Yoga at the Wall: Fun Variations for Trikonasana and Ardha Chandrasana

By: 
Christine Malossi, RYT 200

Finding freedom and ease in a standing yoga pose requires a particular balance between rooting and rising; contracting and expanding; grounding enough to find support, while letting go enough to find freedom.

Trikonasana (Triangle Pose) and Ardha Chandrasana (Half-Moon Pose) are no exceptions. Although Trikonasana is a two-legged balance and Ardha Chandrasana is a one-legged balance, they consist of similar shapes, actions, and effects.

They’re also both really challenging balance poses, which may prevent you from experiencing some of their most enjoyable benefits. It might feel downright impossible to feel the expansive and radiant qualities of these poses while wobbling and struggling to find your balance in the center of the room.

Taking these poses over to the wall gives you just enough extra support to access the grounding and liberating effects of Trikonasana and Ardha Chandrasana.

How to Take Trikonasana Over to the Wall          

  1. Place the short edge of your yoga mat against the baseboard of the wall.          

  2. Step your feet wide apart, with the outer edge of your left foot touching the wall. 

  3. Turn your left leg and foot slightly in so that just the outer edge of the left heel is touching the wall. (photo right)

  4. Turn your right leg and foot out about 90 degrees, so the right toes point straight ahead toward the center of the room. Turn your right thigh out enough that the center of your right knee is aligned with the second and third right toes. Bend your right knee ever so slightly to maintain this alignment and to prevent your knee joint from locking.

  5. With your hands on your hips, press firmly down into both feet to root into the ground. Your weight should be evenly distributed between your right foot and left foot.

  6. While rooting through your feet, also feel energy rise up through these roots, firming your legs and lengthening upwards through your spine.

  7. With this feeling of simultaneously rooting and rising, extend your torso over your right leg, sliding your right fingertips along your right leg toward your shin. TrikonasanaContinue to feel your weight evenly distributed between your two feet. If you start to feel like you’re favoring your front (right) leg, you may have gone too far; come up a bit, slide your right hand a little higher on your right leg, and even out the distribution of energy between your legs.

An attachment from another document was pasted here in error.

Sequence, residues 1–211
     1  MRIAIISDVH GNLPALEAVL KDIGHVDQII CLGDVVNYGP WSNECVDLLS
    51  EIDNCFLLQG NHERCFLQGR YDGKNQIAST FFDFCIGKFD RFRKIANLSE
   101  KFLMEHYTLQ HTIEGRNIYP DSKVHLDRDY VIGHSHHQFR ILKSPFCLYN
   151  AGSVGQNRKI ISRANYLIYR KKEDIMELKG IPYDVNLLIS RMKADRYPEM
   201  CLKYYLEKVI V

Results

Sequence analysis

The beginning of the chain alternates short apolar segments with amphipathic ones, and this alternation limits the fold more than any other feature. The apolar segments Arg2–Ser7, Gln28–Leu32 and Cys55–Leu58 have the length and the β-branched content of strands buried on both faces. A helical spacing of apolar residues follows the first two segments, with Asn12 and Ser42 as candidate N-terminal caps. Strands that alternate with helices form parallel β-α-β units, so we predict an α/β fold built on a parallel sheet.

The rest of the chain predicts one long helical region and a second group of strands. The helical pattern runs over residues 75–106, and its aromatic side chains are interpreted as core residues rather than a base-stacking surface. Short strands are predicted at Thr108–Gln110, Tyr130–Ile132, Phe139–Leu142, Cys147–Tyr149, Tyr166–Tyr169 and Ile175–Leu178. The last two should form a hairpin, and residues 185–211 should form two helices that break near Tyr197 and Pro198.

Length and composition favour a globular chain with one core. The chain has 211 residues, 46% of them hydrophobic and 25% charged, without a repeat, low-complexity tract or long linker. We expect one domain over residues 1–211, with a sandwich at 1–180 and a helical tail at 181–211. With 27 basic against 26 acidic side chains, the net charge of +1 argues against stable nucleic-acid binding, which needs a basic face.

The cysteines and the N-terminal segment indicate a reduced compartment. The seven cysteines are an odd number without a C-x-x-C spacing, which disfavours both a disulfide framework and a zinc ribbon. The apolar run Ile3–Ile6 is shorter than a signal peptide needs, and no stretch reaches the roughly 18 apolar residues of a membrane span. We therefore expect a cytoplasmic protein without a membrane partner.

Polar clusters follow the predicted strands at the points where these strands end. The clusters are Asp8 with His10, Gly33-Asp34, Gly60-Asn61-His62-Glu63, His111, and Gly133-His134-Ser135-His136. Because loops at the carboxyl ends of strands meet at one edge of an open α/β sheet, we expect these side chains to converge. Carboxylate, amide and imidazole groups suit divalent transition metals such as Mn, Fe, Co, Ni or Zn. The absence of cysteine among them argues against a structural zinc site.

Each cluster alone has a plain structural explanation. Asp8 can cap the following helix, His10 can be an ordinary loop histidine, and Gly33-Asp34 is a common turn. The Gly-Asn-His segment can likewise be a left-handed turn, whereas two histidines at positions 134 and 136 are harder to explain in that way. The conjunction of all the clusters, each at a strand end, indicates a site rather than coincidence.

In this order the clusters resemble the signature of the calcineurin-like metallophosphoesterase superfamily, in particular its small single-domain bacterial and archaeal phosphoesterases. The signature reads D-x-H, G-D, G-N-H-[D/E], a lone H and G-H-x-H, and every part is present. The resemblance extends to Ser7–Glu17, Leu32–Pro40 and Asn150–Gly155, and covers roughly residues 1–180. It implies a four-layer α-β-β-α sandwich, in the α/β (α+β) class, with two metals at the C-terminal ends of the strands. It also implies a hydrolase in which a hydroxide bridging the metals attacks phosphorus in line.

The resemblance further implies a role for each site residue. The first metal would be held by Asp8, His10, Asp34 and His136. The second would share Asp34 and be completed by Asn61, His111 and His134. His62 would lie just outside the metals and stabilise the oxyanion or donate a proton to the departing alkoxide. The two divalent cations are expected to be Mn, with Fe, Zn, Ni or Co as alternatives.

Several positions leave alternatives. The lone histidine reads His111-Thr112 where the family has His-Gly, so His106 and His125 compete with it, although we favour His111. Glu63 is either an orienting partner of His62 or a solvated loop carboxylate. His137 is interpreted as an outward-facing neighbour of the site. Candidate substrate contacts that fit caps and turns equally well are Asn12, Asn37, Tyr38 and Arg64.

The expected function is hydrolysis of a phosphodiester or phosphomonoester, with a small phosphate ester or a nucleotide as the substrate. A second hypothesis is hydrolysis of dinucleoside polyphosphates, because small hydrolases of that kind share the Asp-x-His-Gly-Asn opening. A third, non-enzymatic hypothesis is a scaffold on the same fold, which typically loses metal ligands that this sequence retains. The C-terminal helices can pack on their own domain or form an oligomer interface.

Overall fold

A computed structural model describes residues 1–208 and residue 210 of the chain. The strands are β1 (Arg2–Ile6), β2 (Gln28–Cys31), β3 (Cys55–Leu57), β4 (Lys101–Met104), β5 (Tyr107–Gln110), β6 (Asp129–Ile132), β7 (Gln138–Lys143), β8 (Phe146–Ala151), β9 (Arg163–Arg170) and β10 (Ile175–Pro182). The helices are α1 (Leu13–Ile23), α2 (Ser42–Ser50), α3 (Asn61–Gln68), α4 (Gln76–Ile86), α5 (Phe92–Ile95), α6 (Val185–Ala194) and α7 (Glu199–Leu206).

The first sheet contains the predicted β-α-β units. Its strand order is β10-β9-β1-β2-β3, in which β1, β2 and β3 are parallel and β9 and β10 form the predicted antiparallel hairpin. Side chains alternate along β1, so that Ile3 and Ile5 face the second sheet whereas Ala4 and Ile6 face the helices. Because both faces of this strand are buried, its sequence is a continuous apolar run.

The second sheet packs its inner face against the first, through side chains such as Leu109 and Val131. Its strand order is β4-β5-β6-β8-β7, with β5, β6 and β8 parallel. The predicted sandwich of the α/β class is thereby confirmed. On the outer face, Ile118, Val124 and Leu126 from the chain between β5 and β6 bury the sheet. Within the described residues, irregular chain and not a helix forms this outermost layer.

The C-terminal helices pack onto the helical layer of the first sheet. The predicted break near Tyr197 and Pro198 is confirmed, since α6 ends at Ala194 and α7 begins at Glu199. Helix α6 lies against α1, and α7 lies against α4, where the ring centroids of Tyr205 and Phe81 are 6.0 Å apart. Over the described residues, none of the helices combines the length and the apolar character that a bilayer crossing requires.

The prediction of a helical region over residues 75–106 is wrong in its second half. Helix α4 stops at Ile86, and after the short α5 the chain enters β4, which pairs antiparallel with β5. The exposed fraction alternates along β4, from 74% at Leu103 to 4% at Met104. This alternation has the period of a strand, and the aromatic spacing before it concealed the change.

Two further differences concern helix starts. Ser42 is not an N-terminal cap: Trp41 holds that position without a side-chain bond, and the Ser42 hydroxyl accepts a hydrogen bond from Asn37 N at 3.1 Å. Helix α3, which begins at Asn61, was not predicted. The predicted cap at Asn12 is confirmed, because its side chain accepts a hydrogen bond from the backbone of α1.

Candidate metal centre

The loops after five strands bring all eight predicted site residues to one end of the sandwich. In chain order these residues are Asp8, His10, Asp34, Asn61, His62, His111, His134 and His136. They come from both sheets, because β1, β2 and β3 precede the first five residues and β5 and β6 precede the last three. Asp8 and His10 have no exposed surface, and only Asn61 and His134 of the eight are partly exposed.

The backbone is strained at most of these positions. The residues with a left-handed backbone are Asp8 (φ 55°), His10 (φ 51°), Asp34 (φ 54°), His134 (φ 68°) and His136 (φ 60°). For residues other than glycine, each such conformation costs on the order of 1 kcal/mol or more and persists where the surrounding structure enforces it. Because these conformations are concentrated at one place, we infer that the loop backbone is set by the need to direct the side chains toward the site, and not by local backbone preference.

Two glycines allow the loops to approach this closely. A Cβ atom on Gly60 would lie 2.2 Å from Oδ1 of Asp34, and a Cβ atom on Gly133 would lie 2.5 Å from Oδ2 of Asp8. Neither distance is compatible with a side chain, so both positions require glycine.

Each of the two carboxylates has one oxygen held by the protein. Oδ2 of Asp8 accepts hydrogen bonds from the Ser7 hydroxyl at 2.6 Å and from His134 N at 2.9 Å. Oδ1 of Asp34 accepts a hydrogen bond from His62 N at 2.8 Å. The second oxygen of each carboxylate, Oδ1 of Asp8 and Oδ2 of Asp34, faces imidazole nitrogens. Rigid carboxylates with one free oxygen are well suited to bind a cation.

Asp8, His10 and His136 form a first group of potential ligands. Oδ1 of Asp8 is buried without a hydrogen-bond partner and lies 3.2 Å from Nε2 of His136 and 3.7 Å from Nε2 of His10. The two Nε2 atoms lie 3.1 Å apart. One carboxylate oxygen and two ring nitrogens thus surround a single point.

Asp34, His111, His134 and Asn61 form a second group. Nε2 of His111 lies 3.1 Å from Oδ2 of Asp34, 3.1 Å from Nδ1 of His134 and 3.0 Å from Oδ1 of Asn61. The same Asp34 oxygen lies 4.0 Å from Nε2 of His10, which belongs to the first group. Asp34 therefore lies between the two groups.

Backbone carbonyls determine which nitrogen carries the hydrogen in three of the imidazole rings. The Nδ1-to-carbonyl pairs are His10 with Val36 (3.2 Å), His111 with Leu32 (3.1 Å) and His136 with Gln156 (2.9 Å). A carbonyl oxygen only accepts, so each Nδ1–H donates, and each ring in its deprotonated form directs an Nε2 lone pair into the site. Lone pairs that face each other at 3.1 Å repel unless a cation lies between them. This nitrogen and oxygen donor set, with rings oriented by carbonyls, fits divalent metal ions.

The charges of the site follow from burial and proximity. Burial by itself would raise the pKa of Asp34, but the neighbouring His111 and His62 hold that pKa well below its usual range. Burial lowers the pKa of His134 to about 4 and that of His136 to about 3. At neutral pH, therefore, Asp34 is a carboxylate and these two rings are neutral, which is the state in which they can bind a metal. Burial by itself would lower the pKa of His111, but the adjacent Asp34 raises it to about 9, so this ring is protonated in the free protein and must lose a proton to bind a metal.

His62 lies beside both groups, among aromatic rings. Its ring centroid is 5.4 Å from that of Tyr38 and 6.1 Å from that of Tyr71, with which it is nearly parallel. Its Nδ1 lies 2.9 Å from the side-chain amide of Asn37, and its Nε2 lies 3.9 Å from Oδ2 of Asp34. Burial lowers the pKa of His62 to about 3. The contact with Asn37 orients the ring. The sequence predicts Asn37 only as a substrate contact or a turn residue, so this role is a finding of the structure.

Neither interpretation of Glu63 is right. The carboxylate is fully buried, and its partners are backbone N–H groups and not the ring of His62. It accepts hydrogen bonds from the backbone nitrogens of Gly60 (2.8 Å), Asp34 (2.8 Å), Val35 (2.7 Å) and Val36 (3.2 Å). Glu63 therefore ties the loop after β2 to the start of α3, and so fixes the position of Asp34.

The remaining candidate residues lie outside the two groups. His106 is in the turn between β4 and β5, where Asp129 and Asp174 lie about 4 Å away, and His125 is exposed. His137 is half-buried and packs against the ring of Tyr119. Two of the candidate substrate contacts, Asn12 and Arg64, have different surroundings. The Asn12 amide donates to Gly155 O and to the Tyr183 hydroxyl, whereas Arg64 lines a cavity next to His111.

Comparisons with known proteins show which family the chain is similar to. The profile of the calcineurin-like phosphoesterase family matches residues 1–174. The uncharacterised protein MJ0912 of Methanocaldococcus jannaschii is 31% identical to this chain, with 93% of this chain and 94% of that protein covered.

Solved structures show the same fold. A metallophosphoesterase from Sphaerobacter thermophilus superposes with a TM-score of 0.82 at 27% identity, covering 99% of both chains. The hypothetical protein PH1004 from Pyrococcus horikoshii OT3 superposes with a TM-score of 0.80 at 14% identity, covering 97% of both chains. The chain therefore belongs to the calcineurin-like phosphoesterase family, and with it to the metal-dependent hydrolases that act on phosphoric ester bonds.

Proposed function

8. Keep your left hand on your left hip or reach your left arm toward the sky. If your left arm is in the air, feel a long line of energy that spreads from right fingertips through left fingertips.

  9. Firmly press the outer edge of your left heel into the wall to maintain a sense of stability and support through your back leg and foot.

  10. To come out of the pose, ground through your left heel and use the power you’ve created in your back leg to return to an upright position.

How to Take Ardha Chandrasana Over to the Wall

  1. As you did for Trikonasana, place the short edge of your yoga mat against the baseboard of the wall. Set a block at its tallest height close to the opposite end of the mat.

  2. Set up your feet and legs as you did for Trikonasana—feet wide apart with the outer edge of your left foot touching the wall. To be more specific, have approximately the length of one of your legs between your right and left foot. Turn your right leg out about 90 degrees, right toes pointing toward the center of the room.

  3. Bend your front (right) knee slightly and push off your back (left) foot to stand on your right leg, while simultaneously reaching your right hand down toward the block. Move the block so your right wrist is directly under your right shoulder. You may need to adjust your right foot so your right ankle is directly under your right hip.                                                              

  4. Lift your left leg to hip height and press the sole of your left foot firmly into the wall. As you root your left foot into the wall, simultaneously draw energy back into your left leg toward your left hip, then all the way through your spine and through the crown of your head.        Ardha Chandrasana

  5. In a similar way, root down through your right foot and simultaneously draw energy up through the right leg towards the hip.  

  6. Even though one foot is on the ground and one is against the wall, experiment with pressing evenly through both feet and consequently drawing energy evenly into your legs toward your hips.             

  7. As in Trikonasana, your left hand may stay on your hip or reach into the air. If your left hand is in the air, create a long line of energy from the bottom (right) hand through the top (left) fingertips.              

  8. As you root into the floor and the wall, feel the freedom that gives you to expand in all directions—down through your right leg, up through your left arm, back through your left leg, and forward through the crown of your head.

  9. To come out of the pose, lower your left foot to the ground and return to an upright position. 

 

Study with YogaUOnline and Robin Rothenberg - Yoga for a Healthy Back: Freeing the Neck and Shoulder Girdle.

 

Christine MalossiChristine Malossi began practicing yoga in 1999. Based in New York City, she offers an alignment-focused, slow Vinyasa practice that cultivates awareness and equanimity. She is currently enrolled in an 800-hour course on the History, Literature, and Philosophy of Yoga (taught by Brenda Feuerstein, designed by the late Georg Feuerstein). Christine is a Registered Yoga Teacher with Yoga Alliance, and has additional certifications in Therapeutic Yoga, Restorative Yoga, Accessible Yoga, and Functional Anatomy for Movement and Injuries. She attended the University of Pennsylvania and NYU, and also spent many years studying classical ballet. Find her at christinemalossi.com.